Situated inside the garden of the Georgian mansion at the National Trust’s historic Berrington Hall is Studio Morison's newest structure Look! Look! Look!, a pineapple-shaped pavilion with angles akin to a folded work of origami. The pavilion is dusty pink, with an open rooftop and four openings that surround the structure’s sides, and was built with the support of Trust New Art and the Arts Council England.

Heather and Ivan Morison, the two artists behind Studio Morison, spent more than a year researching the garden’s history before they arrived at the design of this sculpture as a way to bridge historical Georgian life with its present use, encouraging visitors to relax or picnic within. The pink color was pulled from a traditionally Georgian palette, hues of which are found inside the hall itself.

The shape of the pavilion is based on a piece of origami created by the two artists. With the help of structural engineers the timber work was brought to life. A metal frame sits at its core, while the outside is covered with a pink fabric that can withstand all weather conditions. In addition to designing the temporary outdoor pavilion, the artists also created several sculptural pieces of furniture that exist inside, small geometric stools that reflect the shape of the sculpture which they are inclosed.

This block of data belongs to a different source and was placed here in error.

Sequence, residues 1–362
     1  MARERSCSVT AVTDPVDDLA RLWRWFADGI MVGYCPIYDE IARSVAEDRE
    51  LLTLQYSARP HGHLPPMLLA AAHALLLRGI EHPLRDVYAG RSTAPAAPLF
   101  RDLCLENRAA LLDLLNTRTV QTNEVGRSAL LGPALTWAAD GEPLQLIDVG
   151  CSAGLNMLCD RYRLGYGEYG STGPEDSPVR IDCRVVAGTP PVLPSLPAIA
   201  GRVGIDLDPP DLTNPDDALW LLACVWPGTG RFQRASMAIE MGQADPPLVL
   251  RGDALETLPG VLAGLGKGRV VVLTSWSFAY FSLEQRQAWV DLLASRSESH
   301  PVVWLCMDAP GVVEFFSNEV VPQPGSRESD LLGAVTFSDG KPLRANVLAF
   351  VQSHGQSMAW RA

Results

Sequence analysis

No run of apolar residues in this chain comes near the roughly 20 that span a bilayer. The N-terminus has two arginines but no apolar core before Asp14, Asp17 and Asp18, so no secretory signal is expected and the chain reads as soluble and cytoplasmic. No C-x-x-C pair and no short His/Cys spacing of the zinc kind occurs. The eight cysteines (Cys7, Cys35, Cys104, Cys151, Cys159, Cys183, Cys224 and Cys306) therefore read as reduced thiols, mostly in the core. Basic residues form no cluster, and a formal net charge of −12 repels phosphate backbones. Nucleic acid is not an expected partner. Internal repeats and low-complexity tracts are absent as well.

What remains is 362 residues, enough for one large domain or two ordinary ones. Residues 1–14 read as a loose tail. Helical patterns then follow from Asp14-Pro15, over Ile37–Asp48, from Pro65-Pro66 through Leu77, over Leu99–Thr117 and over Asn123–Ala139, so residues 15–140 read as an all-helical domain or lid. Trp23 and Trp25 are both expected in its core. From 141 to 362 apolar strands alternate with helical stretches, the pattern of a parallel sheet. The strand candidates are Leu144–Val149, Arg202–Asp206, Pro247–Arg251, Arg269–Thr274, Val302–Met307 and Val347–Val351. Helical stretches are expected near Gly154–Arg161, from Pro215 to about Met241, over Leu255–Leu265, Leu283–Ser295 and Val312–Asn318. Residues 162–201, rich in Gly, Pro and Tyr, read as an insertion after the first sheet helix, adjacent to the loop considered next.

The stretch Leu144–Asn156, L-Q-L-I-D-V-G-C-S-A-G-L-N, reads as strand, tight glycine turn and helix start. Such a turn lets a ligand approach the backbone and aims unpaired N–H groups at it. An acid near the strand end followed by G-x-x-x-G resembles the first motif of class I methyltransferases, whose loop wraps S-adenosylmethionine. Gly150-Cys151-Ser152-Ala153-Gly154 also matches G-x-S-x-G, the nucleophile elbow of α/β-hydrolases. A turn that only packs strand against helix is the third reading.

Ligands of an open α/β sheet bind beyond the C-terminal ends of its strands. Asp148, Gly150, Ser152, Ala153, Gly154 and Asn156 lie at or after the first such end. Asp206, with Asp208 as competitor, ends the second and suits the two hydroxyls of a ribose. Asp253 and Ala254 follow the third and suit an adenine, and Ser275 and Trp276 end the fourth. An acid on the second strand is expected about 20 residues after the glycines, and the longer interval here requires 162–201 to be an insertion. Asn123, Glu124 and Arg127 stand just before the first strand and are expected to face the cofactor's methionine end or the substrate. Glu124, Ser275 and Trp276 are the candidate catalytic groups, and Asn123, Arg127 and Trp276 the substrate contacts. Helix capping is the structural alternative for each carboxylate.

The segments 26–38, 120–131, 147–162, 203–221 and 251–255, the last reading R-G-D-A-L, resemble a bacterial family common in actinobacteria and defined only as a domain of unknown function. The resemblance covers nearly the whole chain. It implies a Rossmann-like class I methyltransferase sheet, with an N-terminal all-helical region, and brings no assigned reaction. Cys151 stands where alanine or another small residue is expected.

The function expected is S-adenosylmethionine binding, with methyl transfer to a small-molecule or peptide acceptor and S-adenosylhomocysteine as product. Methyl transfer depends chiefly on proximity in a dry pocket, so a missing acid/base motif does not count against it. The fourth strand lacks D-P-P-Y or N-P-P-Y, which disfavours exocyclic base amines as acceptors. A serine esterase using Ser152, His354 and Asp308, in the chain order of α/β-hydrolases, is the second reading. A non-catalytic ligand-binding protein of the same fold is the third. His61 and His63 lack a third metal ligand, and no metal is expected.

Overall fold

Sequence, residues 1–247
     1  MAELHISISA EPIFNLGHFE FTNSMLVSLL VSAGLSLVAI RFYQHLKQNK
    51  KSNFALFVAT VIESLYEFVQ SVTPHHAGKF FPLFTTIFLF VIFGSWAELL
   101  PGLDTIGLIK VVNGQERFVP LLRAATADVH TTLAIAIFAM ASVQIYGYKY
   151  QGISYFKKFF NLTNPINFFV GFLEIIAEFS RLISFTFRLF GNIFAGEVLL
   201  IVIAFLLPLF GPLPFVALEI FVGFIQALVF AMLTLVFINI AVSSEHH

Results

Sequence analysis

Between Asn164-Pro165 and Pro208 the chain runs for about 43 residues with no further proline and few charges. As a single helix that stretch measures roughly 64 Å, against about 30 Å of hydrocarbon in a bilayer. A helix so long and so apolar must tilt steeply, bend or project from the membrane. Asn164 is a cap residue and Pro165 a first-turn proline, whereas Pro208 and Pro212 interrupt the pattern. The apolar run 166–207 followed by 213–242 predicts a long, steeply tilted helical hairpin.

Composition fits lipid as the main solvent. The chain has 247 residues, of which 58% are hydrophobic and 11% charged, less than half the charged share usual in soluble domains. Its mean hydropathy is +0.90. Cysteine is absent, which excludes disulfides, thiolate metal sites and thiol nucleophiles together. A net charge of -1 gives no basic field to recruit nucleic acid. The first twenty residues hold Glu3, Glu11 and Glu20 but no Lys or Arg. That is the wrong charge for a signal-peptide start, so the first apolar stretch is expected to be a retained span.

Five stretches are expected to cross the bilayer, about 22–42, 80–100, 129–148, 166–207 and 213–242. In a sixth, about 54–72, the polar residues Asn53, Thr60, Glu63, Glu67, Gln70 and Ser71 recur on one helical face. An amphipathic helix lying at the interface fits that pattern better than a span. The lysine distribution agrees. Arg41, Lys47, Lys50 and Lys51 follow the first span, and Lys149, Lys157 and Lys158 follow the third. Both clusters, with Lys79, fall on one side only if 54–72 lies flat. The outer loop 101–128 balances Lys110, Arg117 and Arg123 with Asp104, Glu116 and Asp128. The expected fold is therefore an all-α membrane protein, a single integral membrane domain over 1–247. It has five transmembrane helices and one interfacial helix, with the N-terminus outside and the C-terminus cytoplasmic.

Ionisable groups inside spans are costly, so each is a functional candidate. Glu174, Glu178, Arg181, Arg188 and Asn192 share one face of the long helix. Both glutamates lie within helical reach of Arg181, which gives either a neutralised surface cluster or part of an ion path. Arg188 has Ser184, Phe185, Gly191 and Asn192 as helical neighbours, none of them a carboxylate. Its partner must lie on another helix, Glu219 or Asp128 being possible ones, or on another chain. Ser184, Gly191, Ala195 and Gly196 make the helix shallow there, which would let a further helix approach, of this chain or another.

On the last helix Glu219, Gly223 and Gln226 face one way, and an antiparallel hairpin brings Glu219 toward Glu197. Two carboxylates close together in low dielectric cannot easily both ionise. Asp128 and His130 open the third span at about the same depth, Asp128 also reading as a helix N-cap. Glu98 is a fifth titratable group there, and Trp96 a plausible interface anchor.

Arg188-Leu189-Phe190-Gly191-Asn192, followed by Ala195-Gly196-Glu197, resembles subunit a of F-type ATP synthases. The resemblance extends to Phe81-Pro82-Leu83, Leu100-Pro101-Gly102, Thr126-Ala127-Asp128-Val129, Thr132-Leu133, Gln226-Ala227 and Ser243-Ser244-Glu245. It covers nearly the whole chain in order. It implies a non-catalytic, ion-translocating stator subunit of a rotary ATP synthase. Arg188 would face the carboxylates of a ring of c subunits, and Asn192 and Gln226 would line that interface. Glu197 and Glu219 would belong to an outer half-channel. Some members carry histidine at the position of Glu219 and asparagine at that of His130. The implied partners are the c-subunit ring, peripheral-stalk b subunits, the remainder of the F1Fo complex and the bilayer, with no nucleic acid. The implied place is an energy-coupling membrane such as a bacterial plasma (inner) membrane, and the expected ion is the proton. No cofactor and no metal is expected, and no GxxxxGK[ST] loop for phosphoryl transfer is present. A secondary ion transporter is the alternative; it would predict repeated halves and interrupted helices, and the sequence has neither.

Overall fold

Look! Look! Look! is open to the public at Berrington Hall through December 2019. During its run visitors can attend a series of events and activities hosted inside the shelter. (via NOTCOT, urdesign)

 

 



Craft Food

New Elaborate Patterns and Designs Carved on Produce by ‘Gaku’

April 14, 2017

Christopher Jobson

Although we first mentioned his work here only a month ago, food artist Gaku has continues to share numerous examples of his inventive approach to food carving called mukimono. Gaku works with little more than an x-acto knife to carve quickly before the fruit or vegetable starts to change color, executing motifs and patterns often found in Japanese art. You can see even more of his latest works on Instagram.